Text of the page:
Holy robbery

In 9th century CE France, a monk went undercover in a rival monastery for ten years to steal a holy relic.

The reliquary of Saint Foy
自由馴鹿 (ZiYouXunLu), CC BY-SA 3.0, via Wikimedia Commons

In my post on relic souvenirs I mentioned that people sometimes chipped off bits of relics… or just stole them whole. They had a good reason to do so: religious relics in the Middle Ages were big business. Get a relic, and your church or monastery might get on the pilgrimage trail. Get on the pilgrimage trail, and you would get a steady stream of devout visitors. Get a steady stream of pilgrims and a lot of money would follow – both in devout offerings and in ancillary business.

Relic robbery was common enough that it has its own name: furta sacra. In the 9th century CE, for example, an abbey in southern France really wanted some relics. A nearby monastery had a doozy of a relic, the body of Saint Faith (Sainte-Foye). So a monk from the abbey, Ariviscus, went undercover in the monastery. For ten years he stayed in the monastery, waiting for a chance to get close to the relics. And then, in 866, he got his chance and smuggled the relic out of the monastery and into the abbey. That abbey, today known as the Abbey Church of Sainte-Foy, still houses the relic today. It’s bundled in the golden reliquary pictured above.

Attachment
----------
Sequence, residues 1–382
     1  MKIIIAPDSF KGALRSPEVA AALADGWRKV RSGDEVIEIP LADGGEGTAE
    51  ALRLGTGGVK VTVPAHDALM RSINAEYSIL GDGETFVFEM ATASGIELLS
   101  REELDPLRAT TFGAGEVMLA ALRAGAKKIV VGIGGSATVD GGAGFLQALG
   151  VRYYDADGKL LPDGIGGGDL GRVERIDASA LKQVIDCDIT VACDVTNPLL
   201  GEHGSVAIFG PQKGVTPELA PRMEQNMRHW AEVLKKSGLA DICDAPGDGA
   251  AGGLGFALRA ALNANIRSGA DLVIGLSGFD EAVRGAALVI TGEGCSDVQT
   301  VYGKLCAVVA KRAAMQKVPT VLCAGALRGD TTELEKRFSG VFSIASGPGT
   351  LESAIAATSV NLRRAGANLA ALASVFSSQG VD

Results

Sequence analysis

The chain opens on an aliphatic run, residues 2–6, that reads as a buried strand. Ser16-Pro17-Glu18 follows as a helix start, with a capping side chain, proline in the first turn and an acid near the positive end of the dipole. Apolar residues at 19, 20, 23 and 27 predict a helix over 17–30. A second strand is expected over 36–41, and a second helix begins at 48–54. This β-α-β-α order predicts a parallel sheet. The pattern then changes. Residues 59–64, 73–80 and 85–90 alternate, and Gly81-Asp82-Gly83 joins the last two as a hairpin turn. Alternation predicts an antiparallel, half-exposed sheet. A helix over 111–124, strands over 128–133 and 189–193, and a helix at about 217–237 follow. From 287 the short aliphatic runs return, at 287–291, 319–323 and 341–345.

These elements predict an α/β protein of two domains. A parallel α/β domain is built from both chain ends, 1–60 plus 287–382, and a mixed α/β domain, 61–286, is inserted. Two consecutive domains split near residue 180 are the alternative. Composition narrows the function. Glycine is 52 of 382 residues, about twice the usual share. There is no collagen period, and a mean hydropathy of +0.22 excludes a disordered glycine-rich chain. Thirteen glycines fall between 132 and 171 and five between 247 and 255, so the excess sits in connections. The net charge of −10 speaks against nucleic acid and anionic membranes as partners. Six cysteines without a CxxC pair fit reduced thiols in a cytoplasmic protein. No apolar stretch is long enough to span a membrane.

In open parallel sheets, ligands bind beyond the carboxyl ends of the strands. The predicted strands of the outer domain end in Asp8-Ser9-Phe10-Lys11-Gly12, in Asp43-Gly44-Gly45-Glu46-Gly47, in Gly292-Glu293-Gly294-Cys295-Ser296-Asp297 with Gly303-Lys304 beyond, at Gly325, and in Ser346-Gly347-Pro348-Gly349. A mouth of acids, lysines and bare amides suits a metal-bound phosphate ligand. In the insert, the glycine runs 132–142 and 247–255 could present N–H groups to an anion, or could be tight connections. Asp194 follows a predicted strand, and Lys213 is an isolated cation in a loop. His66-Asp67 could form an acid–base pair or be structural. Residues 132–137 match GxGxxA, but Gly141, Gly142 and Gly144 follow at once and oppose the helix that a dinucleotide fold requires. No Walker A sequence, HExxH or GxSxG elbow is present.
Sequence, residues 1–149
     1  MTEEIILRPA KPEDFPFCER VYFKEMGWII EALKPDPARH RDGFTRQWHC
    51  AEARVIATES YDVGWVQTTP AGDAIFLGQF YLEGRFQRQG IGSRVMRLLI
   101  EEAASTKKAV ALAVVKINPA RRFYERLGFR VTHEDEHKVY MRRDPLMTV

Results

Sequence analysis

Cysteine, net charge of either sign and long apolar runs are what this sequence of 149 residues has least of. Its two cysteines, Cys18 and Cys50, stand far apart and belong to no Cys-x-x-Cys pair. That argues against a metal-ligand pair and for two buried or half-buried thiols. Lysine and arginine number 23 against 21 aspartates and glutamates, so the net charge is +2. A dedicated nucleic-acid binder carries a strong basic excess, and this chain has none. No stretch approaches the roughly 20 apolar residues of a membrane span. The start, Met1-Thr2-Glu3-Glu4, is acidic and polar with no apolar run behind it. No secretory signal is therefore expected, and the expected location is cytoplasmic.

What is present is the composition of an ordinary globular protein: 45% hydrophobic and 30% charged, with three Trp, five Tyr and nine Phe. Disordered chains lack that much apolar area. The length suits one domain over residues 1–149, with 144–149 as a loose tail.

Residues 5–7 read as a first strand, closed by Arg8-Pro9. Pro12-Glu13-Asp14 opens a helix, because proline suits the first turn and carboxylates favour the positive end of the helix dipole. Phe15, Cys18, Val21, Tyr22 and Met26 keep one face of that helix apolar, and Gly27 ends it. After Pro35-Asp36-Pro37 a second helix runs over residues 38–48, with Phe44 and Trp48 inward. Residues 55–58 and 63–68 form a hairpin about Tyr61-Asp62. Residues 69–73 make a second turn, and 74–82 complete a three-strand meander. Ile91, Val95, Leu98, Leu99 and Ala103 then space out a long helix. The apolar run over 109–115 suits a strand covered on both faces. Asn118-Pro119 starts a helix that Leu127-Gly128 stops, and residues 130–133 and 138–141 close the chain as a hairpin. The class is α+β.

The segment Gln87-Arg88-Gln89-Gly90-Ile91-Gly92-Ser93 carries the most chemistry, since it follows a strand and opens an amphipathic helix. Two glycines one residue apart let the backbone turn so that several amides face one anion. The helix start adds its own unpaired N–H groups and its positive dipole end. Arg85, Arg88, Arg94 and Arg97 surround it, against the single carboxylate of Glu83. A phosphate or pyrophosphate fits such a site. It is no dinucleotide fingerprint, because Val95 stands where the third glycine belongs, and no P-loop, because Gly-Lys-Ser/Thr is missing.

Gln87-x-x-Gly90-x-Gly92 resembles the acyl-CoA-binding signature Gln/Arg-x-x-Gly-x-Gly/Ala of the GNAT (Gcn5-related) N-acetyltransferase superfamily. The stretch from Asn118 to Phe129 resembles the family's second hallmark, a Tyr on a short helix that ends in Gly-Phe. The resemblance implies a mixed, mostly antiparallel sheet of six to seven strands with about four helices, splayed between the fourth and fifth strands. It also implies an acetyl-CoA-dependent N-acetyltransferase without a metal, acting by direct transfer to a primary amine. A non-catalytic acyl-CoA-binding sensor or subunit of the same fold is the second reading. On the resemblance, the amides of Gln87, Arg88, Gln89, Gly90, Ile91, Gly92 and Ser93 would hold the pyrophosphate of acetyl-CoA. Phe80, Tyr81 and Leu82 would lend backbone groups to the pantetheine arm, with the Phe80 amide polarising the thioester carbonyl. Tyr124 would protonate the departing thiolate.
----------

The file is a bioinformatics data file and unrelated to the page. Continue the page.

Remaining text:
I was reading about the theft of Saint-Foye and I came across another amusing example of relic robbery. Hugh of Lincoln had a sacramental ring that contained a number of small relics, at least one of them supposedly obtained by theft. Hugh was visiting Fécamp Abbey (incidentally, the first producer of Bénédictine). As part of that visit he had the opportunity to see a bone relic of Mary Magdalene. He leaned down to kiss the relic, and promptly bit a chunk of bone off it. Wasn’t this sacrilege? Hugh argued that he received the holy sacrament on his lips every week, and that was a much more precious relic than any old bone. And he kept those relic fragments for himself.

[Credit: In Our Time’s episode on medieval pilgrimages.]

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